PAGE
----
The Jets’ record falls to 2-3 — a slow start that puts them at the bottom of a very difficult Central Division.
And their schedule likely won’t do them any favors, either, with home-and-home sets against Dallas and Washington, not to mention some back-to-back games on the road.
Meanwhile, the Oilers have had a completely different start to their season.
A week ago, head coach Todd McLellan blistered his team for a brutal performance on home ice against the Buffalo Sabres. Goalie Cam Talbot wasn’t good at all, allowing a goal from center ice.
A distant memory, it seems. Talbot stopped all 31 shots he faced for the shut out Sunday.
The message from that effort versus Buffalo — the lone blemish on Edmonton’s schedule so far — seems to have been received from the Oilers.
They went on to beat Carolina and St. Louis, and then they took control of Sunday’s contest in the middle period and didn’t give Winnipeg anything from there.
With a power play in the second period, the Winnipeg Jets had a good opportunity to take the lead on home ice in the Heritage Classic.
But instead, it was the Edmonton Oilers cashing in.
Mark Letestu opened the scoring with a short-handed goal, beating Connor Hellebuyck on the glove side on a breakaway after Jets defenseman Dustin Byfuglien whiffed on the puck at the blue line.
Letestu took advntage. That’s his second goal of the season, both coming on the penalty kill.
The Oilers were able to further silence the crowd in Winnipeg, as Darnell Nurse, right out of the penalty box, buried a Connor McDavid pass just 1:46 after Letestu’s goal.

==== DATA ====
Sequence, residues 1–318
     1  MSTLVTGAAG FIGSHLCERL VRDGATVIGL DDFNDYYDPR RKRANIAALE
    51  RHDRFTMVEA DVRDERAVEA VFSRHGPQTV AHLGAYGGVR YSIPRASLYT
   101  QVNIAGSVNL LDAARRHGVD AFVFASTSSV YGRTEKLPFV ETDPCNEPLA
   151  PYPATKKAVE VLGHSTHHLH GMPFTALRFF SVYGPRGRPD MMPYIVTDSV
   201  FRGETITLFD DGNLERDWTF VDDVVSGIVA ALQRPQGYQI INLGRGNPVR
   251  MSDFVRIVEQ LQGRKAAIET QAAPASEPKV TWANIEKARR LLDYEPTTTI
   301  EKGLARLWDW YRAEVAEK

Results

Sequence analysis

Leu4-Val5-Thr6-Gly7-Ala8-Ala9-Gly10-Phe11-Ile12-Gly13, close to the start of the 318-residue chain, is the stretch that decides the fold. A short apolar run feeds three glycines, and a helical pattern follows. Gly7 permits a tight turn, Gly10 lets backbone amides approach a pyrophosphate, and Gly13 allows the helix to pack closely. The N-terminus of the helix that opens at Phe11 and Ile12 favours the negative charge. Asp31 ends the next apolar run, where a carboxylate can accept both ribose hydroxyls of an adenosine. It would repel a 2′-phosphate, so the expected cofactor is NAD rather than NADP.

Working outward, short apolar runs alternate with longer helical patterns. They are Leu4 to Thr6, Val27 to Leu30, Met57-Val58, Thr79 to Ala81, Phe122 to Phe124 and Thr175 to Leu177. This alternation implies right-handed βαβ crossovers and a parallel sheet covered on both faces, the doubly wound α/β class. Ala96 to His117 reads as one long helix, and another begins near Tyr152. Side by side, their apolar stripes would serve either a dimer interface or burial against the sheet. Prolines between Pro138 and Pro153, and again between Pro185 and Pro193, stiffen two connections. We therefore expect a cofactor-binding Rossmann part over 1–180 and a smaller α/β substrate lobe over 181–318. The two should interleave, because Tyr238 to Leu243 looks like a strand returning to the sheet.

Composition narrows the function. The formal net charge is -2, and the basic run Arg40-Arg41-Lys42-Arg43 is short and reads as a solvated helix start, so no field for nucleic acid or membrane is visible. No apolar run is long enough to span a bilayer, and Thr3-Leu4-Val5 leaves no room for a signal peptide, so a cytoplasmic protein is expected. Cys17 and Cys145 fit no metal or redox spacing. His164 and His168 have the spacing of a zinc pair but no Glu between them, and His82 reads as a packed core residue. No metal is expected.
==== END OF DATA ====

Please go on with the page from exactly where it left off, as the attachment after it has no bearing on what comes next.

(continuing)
Sam Reinhart has two assists through four games this season, and Buffalo Sabres head coach Dan Bylsma has made a move with the hope of getting the 20-year-old forward going offensively.
As per John Vogl of the Buffalo News on Sunday, Reinhart has been moved to the middle between Tyler Ennis and Zemgus Girgensons, while Matt Moulson was moved to the top line with Ryan O'Reilly and Kyle Okposo.
Reinhart, a 23-goal scorer from last season, had two assists through the first two games, but has been kept off the score sheet in Buffalo’s last two contests.
Outside of that six-goal outburst versus Edmonton last weekend, scoring has been an issue for the Sabres early in the season. So adjustments to the forward combinations is to be expected.
“Sam needs to get a little bit more feet moving, a little bit more speed to his game,” said Bylsma, as per the Buffalo News.
“He’s made some great plays for us early on – power play and five-on-five for the Okposo goal – but we need to get more out of Sam, moving his feet more, playing a little bit faster, a little bit quicker and providing a little bit more offense for our team.”
The Sabres, without two key forwards in Jack Eichel and Evander Kane with long-term injuries, which would help explain the team’s early offensive issues, conclude a four-game road trip Tuesday against the Philadelphia Flyers.
The Sabres also called up forward Hudson Fasching and defenseman Casey Nelson from Rochester in the AHL.